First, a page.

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AEI
Aquaculture Environment Interactions

    AEI prepress abstract   -  DOI: https://doi.org/10.3354/aei00352

    Influence of Manila clam aquaculture on rates and partitioning of organic carbon oxidation in sediment of the Keunso Bay, Yellow Sea

    Sung-Han Kim, Sung-Uk An, Won-Chan Lee, Jae Seong Lee, Jung-Ho Hyun*

    *Corresponding author:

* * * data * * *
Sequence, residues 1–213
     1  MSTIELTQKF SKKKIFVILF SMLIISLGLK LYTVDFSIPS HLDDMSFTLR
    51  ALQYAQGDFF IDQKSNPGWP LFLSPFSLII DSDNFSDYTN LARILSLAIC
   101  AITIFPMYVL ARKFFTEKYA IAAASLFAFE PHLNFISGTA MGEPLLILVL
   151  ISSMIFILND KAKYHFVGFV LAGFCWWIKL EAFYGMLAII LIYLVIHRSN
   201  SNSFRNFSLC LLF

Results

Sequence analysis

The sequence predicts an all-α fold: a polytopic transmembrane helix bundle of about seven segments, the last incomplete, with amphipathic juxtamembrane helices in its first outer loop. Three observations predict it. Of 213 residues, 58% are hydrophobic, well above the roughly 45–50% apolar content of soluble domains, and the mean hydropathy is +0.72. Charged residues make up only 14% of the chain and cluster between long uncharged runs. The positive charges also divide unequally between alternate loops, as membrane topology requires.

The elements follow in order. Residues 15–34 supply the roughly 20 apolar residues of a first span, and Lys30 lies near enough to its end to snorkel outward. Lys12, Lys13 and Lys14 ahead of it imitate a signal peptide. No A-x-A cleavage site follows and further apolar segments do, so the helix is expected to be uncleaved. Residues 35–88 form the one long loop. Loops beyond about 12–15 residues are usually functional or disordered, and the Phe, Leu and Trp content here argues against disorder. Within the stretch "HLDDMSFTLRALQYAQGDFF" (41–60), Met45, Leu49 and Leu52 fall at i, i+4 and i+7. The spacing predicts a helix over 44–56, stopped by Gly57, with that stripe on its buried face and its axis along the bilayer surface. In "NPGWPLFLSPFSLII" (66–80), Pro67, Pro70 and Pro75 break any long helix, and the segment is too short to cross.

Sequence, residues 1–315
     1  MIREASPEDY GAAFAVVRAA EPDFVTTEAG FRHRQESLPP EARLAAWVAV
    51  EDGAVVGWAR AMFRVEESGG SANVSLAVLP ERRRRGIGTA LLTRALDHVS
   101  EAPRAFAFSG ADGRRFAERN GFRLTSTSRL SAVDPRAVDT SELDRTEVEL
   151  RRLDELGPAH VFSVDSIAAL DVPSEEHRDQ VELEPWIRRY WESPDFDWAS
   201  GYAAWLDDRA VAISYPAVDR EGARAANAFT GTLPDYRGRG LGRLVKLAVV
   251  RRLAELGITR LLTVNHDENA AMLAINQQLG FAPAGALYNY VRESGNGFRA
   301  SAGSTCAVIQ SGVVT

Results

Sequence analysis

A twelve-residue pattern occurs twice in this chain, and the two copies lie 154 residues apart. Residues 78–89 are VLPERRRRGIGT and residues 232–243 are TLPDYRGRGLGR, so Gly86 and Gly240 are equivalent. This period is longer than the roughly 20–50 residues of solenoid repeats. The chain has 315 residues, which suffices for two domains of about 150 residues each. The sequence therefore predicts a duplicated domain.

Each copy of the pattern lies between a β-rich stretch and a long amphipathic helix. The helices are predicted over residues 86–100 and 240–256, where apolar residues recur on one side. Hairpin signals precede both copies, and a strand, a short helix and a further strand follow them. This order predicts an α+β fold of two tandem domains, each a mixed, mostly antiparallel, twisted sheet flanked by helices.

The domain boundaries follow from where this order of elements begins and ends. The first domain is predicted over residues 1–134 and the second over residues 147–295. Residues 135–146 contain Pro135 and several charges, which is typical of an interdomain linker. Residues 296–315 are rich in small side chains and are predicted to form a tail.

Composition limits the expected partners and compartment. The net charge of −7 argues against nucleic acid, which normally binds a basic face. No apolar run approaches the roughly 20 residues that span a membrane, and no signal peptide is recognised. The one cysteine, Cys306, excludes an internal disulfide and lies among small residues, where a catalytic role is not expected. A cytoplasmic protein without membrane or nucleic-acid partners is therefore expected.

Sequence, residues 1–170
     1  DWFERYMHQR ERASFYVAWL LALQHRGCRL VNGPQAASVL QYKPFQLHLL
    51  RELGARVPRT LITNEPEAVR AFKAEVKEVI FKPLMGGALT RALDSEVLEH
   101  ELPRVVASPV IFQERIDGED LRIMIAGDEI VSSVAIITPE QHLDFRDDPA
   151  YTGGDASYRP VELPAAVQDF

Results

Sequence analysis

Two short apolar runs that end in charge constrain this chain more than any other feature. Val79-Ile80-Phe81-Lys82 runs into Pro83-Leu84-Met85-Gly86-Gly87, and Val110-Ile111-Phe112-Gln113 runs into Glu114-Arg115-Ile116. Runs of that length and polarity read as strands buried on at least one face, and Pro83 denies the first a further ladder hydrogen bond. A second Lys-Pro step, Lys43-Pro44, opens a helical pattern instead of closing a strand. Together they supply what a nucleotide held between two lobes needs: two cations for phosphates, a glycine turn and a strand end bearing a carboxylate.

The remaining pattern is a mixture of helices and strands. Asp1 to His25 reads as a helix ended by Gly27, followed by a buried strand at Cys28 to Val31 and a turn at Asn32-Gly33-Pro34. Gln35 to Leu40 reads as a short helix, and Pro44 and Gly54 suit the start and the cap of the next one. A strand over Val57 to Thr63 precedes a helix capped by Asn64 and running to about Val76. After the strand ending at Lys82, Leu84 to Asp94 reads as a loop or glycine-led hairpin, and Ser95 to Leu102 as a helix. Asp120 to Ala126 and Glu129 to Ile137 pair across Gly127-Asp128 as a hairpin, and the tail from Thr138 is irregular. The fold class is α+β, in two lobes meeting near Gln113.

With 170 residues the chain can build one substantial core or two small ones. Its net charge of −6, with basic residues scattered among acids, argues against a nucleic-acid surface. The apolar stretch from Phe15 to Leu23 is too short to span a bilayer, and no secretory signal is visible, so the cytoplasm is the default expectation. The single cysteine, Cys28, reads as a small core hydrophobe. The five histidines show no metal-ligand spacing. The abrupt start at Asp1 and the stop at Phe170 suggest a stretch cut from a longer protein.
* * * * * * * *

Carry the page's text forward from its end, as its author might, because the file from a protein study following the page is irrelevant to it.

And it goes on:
ABSTRACT: We investigated the effects of Manila clam aquaculture on the rates and pathways of anaerobic organic carbon (Corg) oxidation in highly bioturbated (HB) and poorly bioturbated (PB) sediment in Keunso Bay, Yellow Sea. Because of the labile organic matter supply via sediment reworking by Manila clams, anaerobic Corg oxidation rate in HB sediment (38.8 mmol m-2 d-1) was ~1.5 times higher than in PB sediment (26.8 mmol m-2 d-1). Microbial Fe(III) reduction (FeR) dominated Corg oxidation pathways in HB sediment, comprising 55–76% of anaerobic Corg oxidation, whereas sulfate reduction (SR) was the dominant oxidation pathway in PB sediment, accounting for up to 92% of anaerobic Corg oxidation. Despite higher anaerobic respiration rates at the HB site, concentrations of NH4+, PO43-, oxalate-extractable iron (Fe(II)(oxla)), and total reduced inorganic sulfur were 2 to 3 times lower than in PB sediment. Conversely, the concentration of reactive Fe(III)(oxal) at the HB site (2243 mmol m-2) exceeded that of the PB site (1127 mmol m-2) by a factor of 2. These results indicate that bioturbation by Manila clams enhances the re-oxidation processes of reduced metabolites in the sediment, thereby prohibiting SR and promoting FeR. Overall, the results suggest that aquaculture activities of Manila clams shift the dominant Corg oxidation pathways in sediment from SR to FeR, which generates relatively oxidized and less sulfidic environments.